HMRC to Release QROPS Clarification in wake of Court Ruling

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Pryce Warner International Group have provided QROPS for over seven years and overseas pensions for over forty, and advise that HMRC will release clarification on QROPS regulations next month as part of court proceedings over a de-listed scheme.

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There is some speculation and concern that whatever the outcome, it will be bad for the industry, but in practice legitimate QROPS will not necessarily see much of a change

According to the Financial Times, on Friday 21st of June at the Royal Courts of Justice (case number CO/5791/2012) HMRC (Her Majesty’s Revenue and Customs) withdrew assessments over a de-listed QROPS (Qualified Recognised Overseas Pension Scheme) scheme in Singapore.

HMRC attempted to withdraw from the case and settle, which would have potentially meant avoiding losing and therefore setting a legal precedent that would have allowed other de-listed schemes to challenge HMRC.

However, the judge presiding over the case demanded that HMRC issue a detailed QROPS policy statement before the 12th of July otherwise the withdrawal will not be allowed.

David Retikin, Director of Operations at Pryce Warner International Group, commented: “This case has in one form or another been going on for several years, and it is encouraging that it is finally achieving some closure. Withdrawing would have presumably have left HMRC’s regulations as they stand. It seems a very prescient move by the judge to require HMRC to provide a policy statement so that the exact legal framework can be set in place going forward.”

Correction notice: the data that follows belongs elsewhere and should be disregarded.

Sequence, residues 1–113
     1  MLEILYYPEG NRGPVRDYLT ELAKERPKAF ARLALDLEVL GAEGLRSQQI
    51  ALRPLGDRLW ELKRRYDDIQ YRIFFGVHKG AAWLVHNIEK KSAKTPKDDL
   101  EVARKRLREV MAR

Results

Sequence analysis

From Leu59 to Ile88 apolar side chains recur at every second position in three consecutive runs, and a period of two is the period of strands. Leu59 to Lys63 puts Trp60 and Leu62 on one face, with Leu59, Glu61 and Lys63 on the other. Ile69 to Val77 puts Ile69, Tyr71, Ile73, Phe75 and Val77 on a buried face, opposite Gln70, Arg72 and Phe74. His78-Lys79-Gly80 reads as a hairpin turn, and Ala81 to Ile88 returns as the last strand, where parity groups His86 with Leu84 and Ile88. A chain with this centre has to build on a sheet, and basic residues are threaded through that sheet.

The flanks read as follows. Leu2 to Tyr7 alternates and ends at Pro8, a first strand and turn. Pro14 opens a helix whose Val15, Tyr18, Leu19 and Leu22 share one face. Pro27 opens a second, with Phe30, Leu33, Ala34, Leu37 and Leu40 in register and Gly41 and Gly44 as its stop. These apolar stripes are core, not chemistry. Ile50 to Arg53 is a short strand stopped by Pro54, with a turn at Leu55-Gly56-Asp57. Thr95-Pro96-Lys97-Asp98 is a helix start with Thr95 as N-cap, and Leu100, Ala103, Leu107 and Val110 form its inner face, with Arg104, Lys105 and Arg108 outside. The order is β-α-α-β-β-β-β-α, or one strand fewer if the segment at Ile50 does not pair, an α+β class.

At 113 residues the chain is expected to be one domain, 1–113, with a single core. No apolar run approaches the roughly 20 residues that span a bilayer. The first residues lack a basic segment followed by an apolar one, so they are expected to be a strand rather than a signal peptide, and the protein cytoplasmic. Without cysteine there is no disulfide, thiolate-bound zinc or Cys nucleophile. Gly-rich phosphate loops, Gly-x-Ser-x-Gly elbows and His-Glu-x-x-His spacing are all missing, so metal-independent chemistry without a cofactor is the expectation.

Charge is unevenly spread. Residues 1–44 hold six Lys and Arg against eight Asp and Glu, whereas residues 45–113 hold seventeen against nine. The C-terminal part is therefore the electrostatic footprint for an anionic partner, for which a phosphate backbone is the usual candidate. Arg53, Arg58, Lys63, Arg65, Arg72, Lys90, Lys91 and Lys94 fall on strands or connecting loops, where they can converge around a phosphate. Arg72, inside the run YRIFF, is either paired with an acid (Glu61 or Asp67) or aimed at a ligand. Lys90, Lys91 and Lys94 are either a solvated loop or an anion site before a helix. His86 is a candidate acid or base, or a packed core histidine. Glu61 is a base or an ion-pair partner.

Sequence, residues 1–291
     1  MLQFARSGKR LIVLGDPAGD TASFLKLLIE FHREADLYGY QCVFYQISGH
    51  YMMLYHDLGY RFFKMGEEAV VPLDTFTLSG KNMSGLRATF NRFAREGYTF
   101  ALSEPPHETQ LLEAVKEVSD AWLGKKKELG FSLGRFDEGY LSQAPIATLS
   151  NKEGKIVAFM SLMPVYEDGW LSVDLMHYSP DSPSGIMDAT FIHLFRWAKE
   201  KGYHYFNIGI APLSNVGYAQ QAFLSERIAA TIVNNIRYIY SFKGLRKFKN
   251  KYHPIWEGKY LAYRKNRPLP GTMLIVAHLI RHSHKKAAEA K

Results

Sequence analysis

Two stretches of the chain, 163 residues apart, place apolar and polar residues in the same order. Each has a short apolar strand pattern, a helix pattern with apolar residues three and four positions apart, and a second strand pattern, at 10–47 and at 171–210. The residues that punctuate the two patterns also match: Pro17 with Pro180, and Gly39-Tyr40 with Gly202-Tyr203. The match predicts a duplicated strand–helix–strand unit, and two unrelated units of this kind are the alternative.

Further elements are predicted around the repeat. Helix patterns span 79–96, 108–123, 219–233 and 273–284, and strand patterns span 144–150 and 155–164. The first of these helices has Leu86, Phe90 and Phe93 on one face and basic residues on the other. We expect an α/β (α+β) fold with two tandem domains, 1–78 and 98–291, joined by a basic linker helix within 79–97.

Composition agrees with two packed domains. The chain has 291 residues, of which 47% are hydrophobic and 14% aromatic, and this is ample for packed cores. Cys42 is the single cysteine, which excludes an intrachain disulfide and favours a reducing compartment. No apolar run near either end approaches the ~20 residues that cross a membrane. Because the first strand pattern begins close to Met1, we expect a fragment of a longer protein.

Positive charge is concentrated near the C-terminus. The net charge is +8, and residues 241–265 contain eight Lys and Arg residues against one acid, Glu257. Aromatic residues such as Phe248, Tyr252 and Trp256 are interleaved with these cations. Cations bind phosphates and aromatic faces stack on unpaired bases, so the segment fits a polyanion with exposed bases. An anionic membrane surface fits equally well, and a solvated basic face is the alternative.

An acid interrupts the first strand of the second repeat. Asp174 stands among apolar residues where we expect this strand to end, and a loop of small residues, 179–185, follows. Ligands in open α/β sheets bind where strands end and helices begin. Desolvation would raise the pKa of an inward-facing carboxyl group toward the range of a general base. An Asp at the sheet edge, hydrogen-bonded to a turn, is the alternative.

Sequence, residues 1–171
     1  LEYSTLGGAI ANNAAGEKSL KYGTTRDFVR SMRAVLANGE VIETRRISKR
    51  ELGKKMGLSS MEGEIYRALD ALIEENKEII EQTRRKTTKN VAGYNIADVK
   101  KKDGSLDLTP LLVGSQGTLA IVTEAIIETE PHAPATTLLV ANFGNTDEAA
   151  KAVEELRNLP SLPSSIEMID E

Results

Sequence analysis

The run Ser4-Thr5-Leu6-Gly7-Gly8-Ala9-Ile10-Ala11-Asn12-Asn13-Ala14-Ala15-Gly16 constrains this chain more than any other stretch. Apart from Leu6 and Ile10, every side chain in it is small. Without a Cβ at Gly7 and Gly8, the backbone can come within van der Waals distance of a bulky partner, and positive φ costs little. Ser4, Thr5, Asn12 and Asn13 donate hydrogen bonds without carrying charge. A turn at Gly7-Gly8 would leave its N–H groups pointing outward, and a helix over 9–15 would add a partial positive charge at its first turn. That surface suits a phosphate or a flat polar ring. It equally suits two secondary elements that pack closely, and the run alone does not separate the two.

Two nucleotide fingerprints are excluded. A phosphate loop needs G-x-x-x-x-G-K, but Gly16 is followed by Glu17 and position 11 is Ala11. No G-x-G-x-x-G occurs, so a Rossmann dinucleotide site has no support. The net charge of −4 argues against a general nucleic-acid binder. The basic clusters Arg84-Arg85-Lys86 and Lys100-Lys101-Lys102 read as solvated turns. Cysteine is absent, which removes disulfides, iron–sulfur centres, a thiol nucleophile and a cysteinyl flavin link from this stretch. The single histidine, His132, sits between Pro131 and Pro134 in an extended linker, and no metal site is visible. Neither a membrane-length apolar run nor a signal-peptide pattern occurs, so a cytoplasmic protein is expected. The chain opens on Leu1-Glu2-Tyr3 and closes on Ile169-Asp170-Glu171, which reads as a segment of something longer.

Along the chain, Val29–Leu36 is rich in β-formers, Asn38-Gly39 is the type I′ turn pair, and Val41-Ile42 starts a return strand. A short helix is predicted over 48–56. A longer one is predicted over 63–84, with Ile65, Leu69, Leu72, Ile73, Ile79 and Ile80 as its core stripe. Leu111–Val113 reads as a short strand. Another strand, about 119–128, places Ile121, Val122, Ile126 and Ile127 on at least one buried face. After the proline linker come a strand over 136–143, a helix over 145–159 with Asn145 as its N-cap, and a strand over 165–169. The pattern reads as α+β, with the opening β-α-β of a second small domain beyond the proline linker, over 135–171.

He continued: “There is some speculation and concern that whatever the outcome, it will be bad for the industry, but in practice legitimate QROPS will not necessarily see much of a change other than perhaps some additional administrative formalities.”

Simon Tyler of Pinsent Masons, the law firm behind Out-Law.com, commented: “If HMRC is to publish a list, that list can be expected to provide information that others can rely on. If pensions administrators can see that a scheme is listed, they should not have to pay penal tax if HMRC shouldn't have included that scheme on its list. HMRC's aggressive approach has cast a poor light on its operations, and it will now have to pay all the legal costs incurred in this sorry tale.”

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Aneil Fatania
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